The Hoarder, XXXJ
by Beatrix Ost
21 April 2015
I am a writer and would like to write you a long letter. But since you will not read it, the only thing that would make sense would be for me to read it to you. But that would make the letter obsolete.
If it is less than 27 words I’ll read it.
The elevator gets me up to his floor. The door is an iron gate. It stands wide open, lending a frame to a man on a chair further into the room. The light through the window sets him off like a nobleman. He sits there, expecting me.
As I approach he stands. The deserted chair dwarfs into child size. He is a very tall man, with the features of a Roman Emperor, or of Bacchus. A gentle giant.
The room I enter is enormous, like a mantle for his mind. Through the windows, in the far distance, a miniature world against the sky, with those unpredictable April clouds.
Look, he says, pointing to a long wall with shelves. Twenty iPods are playing, each its own music of water.
This is The Waters of Panama, he screams above the noise, having cranked up the volume. I will be exhibiting it in a gallery. Don’t you think the computer should be larger?
The noise, both familiar and not, is a concert of events. Everything water does. You know it, and yet it has never been put together, collected into one overwhelming, Wagnerian opus. The pending drama of a future, with the scarcity of it.
Yes, I scream. Larger computers. I am drowning.
The table, the size of two billiard greens, holds a garden of kitsch and toys. Robots. Dolls. Cars. Pinups. A child’s toyland. A garden of earthly delights by Hieronymus Bosch. The tall walls are hung with African paintings of edible quality. Sofas for ten. Chairs made from thousands of beads which have escaped from the Ivory Coast.
He whisks me out of this room. We walk into the dining room. Gurgling sounds, more water music. A giant copula lamp above the round table.
Ingo Maurer, he says.
I nod: I ate here once, when your friend invited me.
He points at another wall, with a board, and now I know where the noise is coming from. Here, in another row of iPads. It is him, swimming underwater, totally enjoying his element, with the same joy as a fish, or a walrus, or an otter; and yet I sense a desperation to come up for air, for life.
XXXJ is introducing himself to me, not with a litany of words, but with pictures, through his objects. These are the ingredients that transform his personality into a feast. They are his flesh and bone.
We stroll along a hallway. Cabinets, wood panels. I am breathing in the manifold of design.
Ettore Sottsas, my friend, did the apartment for me. We had so much fun.
I can tell. The joy is obvious. The alternation of play and necessity, the boundless affluence of unrestrained love. A thousand designs of wood commanding joy and function, one and the same.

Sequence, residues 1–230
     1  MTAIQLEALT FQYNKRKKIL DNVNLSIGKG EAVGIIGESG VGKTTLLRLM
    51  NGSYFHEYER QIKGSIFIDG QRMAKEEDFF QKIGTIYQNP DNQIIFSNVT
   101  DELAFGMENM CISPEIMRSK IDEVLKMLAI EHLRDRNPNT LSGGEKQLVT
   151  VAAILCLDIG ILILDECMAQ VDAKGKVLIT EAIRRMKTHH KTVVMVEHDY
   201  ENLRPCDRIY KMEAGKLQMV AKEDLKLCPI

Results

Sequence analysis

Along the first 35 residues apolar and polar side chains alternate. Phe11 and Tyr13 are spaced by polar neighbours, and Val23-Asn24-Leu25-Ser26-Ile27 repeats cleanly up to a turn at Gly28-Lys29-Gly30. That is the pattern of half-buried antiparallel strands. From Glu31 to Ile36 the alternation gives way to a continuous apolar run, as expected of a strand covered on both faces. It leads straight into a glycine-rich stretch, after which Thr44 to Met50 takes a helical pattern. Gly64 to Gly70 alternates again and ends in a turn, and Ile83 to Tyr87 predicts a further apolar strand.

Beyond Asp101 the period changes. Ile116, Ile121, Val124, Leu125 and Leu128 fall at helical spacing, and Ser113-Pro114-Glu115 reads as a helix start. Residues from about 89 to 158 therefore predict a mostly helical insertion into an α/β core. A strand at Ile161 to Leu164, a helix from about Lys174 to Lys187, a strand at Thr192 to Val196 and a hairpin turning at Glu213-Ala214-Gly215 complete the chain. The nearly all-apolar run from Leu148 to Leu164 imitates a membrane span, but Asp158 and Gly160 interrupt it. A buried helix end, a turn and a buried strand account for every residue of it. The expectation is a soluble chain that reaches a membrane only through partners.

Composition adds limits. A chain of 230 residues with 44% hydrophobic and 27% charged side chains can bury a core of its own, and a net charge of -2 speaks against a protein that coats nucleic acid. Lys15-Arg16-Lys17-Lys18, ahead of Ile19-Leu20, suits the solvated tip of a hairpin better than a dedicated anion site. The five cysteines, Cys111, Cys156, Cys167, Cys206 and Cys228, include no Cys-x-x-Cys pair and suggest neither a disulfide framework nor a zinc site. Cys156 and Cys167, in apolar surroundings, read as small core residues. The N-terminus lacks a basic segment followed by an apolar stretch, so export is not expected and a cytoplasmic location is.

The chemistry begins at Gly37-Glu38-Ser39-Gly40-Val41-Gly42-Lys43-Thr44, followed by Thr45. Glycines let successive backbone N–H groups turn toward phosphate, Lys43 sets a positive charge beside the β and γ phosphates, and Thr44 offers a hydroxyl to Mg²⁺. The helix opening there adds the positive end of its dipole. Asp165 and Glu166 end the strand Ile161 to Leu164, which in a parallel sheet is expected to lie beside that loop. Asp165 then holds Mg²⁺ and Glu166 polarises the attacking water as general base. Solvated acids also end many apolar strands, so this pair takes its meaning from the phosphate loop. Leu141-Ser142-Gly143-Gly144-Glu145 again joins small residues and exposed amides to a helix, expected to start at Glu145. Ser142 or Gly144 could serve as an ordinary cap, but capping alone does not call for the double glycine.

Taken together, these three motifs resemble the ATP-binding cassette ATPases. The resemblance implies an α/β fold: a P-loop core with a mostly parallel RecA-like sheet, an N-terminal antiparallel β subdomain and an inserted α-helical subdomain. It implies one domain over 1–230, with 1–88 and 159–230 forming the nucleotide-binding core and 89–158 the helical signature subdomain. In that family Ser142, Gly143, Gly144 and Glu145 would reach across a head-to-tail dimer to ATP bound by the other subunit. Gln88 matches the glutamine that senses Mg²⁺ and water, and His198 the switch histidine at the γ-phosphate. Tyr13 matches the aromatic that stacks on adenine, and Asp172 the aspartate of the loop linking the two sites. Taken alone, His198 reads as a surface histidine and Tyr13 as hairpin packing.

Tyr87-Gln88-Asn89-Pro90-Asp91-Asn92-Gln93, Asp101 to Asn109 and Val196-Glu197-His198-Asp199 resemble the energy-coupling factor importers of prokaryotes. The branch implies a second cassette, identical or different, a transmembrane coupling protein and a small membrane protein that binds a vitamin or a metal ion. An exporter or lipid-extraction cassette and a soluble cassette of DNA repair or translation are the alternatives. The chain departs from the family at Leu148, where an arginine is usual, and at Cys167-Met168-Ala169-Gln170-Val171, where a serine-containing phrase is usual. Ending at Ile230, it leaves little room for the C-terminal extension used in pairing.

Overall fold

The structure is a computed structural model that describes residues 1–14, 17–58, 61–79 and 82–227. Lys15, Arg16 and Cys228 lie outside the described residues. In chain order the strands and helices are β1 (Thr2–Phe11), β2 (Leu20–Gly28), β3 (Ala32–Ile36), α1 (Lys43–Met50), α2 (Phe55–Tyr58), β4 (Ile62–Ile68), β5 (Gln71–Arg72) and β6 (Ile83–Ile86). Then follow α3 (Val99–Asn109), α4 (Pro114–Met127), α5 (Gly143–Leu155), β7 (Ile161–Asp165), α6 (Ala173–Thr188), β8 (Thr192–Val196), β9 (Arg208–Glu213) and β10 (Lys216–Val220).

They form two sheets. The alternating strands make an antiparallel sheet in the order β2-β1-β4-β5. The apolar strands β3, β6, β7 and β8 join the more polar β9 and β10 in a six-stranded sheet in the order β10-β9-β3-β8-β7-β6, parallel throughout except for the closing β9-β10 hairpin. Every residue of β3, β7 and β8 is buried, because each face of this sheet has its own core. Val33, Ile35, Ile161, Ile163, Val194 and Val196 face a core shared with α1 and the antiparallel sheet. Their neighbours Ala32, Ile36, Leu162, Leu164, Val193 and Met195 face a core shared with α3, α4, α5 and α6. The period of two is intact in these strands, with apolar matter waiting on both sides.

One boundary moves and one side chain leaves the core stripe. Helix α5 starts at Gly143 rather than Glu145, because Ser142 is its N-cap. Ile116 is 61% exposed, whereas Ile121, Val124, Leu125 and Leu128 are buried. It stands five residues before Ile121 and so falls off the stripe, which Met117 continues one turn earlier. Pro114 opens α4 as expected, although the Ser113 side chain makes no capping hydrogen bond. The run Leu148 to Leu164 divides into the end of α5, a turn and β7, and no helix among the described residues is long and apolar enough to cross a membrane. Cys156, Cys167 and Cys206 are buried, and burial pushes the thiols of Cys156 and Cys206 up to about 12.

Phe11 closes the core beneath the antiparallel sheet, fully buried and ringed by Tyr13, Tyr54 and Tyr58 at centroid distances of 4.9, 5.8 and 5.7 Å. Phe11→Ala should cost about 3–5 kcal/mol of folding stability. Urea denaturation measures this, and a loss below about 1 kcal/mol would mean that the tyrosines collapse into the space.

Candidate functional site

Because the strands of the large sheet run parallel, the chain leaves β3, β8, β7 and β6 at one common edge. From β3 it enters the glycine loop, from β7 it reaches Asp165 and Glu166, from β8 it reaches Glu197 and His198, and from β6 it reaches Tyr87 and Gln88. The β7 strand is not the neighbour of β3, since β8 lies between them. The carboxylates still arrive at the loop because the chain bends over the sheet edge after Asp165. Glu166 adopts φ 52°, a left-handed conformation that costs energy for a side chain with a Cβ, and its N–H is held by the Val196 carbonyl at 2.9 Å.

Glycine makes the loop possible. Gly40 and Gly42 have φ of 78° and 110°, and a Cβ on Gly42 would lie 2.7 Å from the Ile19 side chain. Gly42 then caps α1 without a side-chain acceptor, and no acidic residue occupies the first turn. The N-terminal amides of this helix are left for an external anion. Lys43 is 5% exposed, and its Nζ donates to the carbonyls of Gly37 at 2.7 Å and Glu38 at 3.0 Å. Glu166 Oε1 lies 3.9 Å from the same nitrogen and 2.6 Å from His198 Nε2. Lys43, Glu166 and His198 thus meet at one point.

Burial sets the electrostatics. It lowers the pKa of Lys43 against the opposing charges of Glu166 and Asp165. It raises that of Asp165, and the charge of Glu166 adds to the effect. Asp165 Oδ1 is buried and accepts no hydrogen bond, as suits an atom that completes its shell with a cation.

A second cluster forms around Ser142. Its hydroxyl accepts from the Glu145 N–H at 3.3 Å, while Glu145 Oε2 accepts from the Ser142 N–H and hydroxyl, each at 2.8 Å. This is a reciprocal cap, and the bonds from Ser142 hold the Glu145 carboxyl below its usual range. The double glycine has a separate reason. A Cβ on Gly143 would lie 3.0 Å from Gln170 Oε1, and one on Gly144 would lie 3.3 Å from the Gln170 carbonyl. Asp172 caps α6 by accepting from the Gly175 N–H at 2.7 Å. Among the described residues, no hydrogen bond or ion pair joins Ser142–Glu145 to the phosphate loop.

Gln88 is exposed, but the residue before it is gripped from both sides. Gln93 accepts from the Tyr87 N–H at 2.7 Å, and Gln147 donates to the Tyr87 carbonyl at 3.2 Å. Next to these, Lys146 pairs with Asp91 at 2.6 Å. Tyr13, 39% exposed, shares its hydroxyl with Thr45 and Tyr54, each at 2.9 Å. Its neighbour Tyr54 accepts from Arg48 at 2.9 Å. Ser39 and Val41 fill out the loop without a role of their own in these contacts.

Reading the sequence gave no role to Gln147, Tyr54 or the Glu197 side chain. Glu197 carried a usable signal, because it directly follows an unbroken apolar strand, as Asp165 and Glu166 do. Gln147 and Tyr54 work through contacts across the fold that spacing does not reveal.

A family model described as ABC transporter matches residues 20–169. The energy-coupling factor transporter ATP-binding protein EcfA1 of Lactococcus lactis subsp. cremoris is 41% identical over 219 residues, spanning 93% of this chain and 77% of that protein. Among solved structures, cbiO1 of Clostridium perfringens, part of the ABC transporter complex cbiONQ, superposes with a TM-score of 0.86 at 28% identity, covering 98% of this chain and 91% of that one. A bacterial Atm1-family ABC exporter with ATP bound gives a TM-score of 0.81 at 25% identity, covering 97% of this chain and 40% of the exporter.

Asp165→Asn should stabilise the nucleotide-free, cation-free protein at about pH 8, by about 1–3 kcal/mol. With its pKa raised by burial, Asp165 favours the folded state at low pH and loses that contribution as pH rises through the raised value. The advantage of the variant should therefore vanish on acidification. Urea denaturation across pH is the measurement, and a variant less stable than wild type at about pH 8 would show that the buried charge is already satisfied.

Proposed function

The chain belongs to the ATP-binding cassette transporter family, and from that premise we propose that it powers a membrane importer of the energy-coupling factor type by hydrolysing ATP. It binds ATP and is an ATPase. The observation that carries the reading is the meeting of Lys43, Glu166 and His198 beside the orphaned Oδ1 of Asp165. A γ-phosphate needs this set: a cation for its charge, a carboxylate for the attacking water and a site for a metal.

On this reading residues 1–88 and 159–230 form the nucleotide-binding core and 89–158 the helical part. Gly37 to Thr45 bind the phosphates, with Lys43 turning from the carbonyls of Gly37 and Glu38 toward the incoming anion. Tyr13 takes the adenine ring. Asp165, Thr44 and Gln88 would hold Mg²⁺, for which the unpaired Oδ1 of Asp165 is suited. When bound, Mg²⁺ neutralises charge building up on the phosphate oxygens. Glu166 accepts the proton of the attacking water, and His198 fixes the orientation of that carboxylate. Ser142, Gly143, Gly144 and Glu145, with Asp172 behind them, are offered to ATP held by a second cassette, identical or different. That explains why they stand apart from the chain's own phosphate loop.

We go upstairs, through a tunnel of Sottsas’ woods, rounded walls, like a crinolined ball gown. Then bedrooms, bathrooms, shelves with pinup statuettes, walls along corridors lined with tennis shoes, sneakers of every style and color. One hundred pairs? Three hundred? Sweaters and t-shirts, piled and stacked on chairs, on dressers, on beds.
An oval glass room, with an oval table. Computers are monitoring the world, the stars, firmament, galaxies. The toyland of a child king. The latest and greatest, only a button push away. It defines an existence. The sender revealing a clue to the content. The delight of possession is in the mind.
There is a whole apartment filled with unopened boxes.
I am reliving a childhood I never had.
He sits down on a small highchair, in front of a small board. The leftovers of a bachelor’s breakfast, next to his bedroom.
He puts on the belt he just found between the rows of forgotten jackets. Fifty? One hundred and fifty?
He laughs: Nothing can be removed. My parents were not very nice people ...
Did he ever cling to his mother’s arm? That tree-branch of reassurance? Did his father show him the crickets in the meadows, or, faced with a gigantic primal man, did he cling to a nanny?
You are a hoarder, I say. I know one already. Yes, I am a hoarder. He laughs.
We pass another wall of African art, another chain of sneakers, shelves of robots, objects of incredible beauty.
I am enchanted by his lightness of being. I collect friends. And women? Yes, that too.
I know he emerged into his enchanted forest from the thicket of despair. Sottsas’ wood panels, from mint-leaved trees throughout the world.
XXXJ reminds me of the museum at the Castle in Prague. A library of books, each bound with the bark of a different tree species. When you open them, they are revealed as boxes. There are no written words on ancient paper. No, the boxes are filled with the trees’ bark, seeds, leaves, hulls, rings, fruits. A child’s history of nature morte, of a life, seventeenth- century, to be sung, visited, marveled at, as children do when they look at some species they very well understand without a word being said.
XXXJ, will you read my 993 words, a collection of thoughts, the beginning of anything, the opening of a gate, of your Panamanian water symphony. A fearless gesture of intimacy, a weighty door into a drama, and all together and above, the wide open doors of laughter.
No mothers, no daughters, no sons. Only lovers, and loves and beloved. A somnambulist of symbols. What it is. What it symbolizes.
Where is the truth, in reality? It is replaceable, but cannot replace the spot in the heart of a man-child.